Summary and book reviews of Bad Luck and Trouble by Lee Child

Bad Luck and Trouble

by Lee Child

Bad Luck and Trouble by Lee Child X
Bad Luck and Trouble by Lee Child
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  • First Published:
    May 2007, 377 pages
    Paperback:
    Mar 2008, 512 pages

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Book Summary

A decade post-military, Reacher has an ATM card and the clothes on his back—no phone, no ties, and no address. But now members of his old team are being killed and when someone targets Jack Reacher's team they’d better be ready for what comes right back at them!

From a helicopter high above the empty California desert, a man is sent free-falling into the night…. In Chicago, a woman learns that an elite team of ex–army investigators is being hunted down one by one.... And on the streets of Portland, Jack Reacher—soldier, cop, hero—is pulled out of his wandering life by a code that few other people could understand. From the first shocking scenes in Lee Child’s explosive new novel, Jack Reacher is plunged like a knife into the heart of a conspiracy that is killing old friends…and is on its way to something even worse.

A decade postmilitary, Reacher has an ATM card and the clothes on his back—no phone, no ties, and no address. But now a woman from his old unit has done the impossible. From Chicago, Frances Neagley finds Reacher, using a signal only the eight members of their elite team of army investigators would know. She tells him a terrifying story—about the brutal death of a man they both served with. Soon Reacher is reuniting with the survivors of his old team, scrambling to raise the living, bury the dead, and connect the dots in a mystery that is growing darker by the day. The deeper they dig, the more they don’t know: about two other comrades who have suddenly gone missing—and a trail that leads into the neon of Vegas and the darkness of international terrorism.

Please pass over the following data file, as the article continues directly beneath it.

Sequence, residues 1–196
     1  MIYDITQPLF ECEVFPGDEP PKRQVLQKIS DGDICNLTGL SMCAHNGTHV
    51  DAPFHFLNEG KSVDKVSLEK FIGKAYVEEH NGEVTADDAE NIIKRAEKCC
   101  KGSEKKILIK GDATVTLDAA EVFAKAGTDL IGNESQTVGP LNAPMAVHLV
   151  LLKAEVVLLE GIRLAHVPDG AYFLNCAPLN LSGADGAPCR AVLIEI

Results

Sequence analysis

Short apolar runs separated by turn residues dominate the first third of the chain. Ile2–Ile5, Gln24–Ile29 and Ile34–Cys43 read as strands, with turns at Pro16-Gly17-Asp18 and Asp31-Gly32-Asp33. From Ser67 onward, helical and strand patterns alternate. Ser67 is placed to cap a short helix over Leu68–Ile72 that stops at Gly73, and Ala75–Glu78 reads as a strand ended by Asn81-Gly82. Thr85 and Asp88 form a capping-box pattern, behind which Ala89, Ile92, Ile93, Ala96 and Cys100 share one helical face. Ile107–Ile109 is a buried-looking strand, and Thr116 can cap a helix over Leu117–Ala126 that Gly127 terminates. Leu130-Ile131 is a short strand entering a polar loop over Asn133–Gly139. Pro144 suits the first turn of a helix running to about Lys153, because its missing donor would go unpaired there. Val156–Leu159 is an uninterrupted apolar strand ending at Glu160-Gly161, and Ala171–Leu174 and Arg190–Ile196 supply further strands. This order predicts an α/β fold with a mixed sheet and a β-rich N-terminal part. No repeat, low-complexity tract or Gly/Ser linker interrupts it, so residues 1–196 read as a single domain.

For now, Reacher can only react. To every sound. Every suspicion. Every scent and every moment. Then Reacher will trust the people he once trusted with his life—and take this thing all the way to the end. Because in a world of bad luck and trouble, when someone targets Jack Reacher and his team, they’d better be ready for what comes right back at them

1

The man was called Calvin Franz and the helicopter was a Bell 222. Franz had two broken legs, so he had to be loaded on board strapped to a stretcher. Not a difficult maneuver. The Bell was a roomy aircraft, twin-engined, designed for corporate travel and police departments, with space for seven passengers. The rear doors were as big as a panel van's and they opened wide. The middle row of seats had been removed. There was plenty of room for Franz on the floor.

The helicopter was idling. Two men were carrying the stretcher. They ducked low under the rotor wash and hurried, one backward, one forward. When they reached the open door the guy who had been walking backward got one handle up on the sill and ducked away. The other guy stepped forward and shoved hard and slid the stretcher all the way inside. Franz was awake and hurting. He cried out and jerked around a little, but not much, because the straps across his chest and thighs were buckled tight. The two ...